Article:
Today estate planning is a much more complex subject matter than in the olden days. This is mainly due to the fact that society has changed a great deal. These days there are different factors that must be taken into account, for instance:
- There is a higher average life expectancy for the general population and this is currently still an upward tendency.
- Changing employment environments.
- Changing family relationships.
- Medical- and hospital expenses.
- Legal- ; political; socio- economic environment.
- Insufficient Government Funding in certain sectors.
What is the difference between estate planning and financial planning?
Estate planning is usually relevant with regards to rules and regulations that come into play when someone passes away.
Financial planning in the narrow sense refers to the planning with regards to the assets and liabilities in effect before someone passes away.
Estate planning can therefore be seen as a branch of financial planning.
The Attorney is usually responsible for the drafting of legal documents, which are necessary and central to effective estate planning. These documents can be a variety of instruments such as wills, contracts, trust deeds etc. A specialist attorney (being a conveyancer) is furthermore responsible for the transfer of properties. There might also be a need for the establishment of companies in some instances.
A Financial Advisor will assist with financial advice such as investments, annuities, insurance policies etc. It is always a good idea to make use of responsible, properly qualified and well-established advisors with a good reputation to assist you with your financial planning.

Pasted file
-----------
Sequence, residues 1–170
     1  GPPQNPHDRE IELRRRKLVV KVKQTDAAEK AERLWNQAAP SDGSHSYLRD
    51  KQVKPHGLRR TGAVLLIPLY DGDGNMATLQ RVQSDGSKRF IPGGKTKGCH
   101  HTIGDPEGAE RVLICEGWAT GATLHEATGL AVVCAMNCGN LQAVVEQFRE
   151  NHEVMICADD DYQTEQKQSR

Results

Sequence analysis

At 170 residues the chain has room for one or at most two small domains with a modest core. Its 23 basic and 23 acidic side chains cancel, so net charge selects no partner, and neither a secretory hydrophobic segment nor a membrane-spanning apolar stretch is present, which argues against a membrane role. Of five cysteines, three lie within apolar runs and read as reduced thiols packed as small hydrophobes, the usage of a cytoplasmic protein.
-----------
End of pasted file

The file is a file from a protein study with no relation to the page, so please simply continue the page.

Most people do not realize the importance of having a proper will which compliments your financial portfolio. There are also strict formalities for a valid will. If a document purports to be a will, but do not adhere to the formalities as set by law, it might be invalid and of no force and effect. This is why it is important to ask a professional person to draft your will.
There are a lot of factors to take into account such as:
- Administration costs of the estate;
- Establishment of mortis causa trusts should there be minor children or people with disabilities who may be affected when you pass away;
- Tax implications etc.
One of the most important gifts you can give your family and loved ones is to leave an organized estate behind. In an emotional time such as loosing a loved one, your family does not need the extra burden of having to worry about finances and the administration of your estate.
Some guidance to get your estate organized:
- Ensure that you have a proper will and that it is updated regularly.
- Letter of instruction:
This document can provide a list of key instructions for your family members / survivors to follow. For instance it can contain instructions pertaining to your wishes for your funeral, important people to be contacted and their contact numbers. Where your will and important documents can be found.
- Establishment of a trust if appropriate:
A trust is a legal entity, which can hold property designated by you for your own benefit and/or the benefit of your loved ones. This document becomes especially relevant where you want to protect certain assets (in life) or even if you want to create a testamentary (mortis causa) trust to look after your minor children or other dependents when you have gone.
- Make provision for a living will:
This is a document that enables you to speak for you when you become too ill to speak for yourself.
Proper estate planning might well be the most important legacy you may ever leave your family. When you have gone you cannot undo what has not been done!
VERSTER-ROOS INCORPORATED ATTORNEYS & CONVEANCERS can assist you with your estate planning and/or administration of your / a loved one’s estate. Please do not hesitate to contact us.
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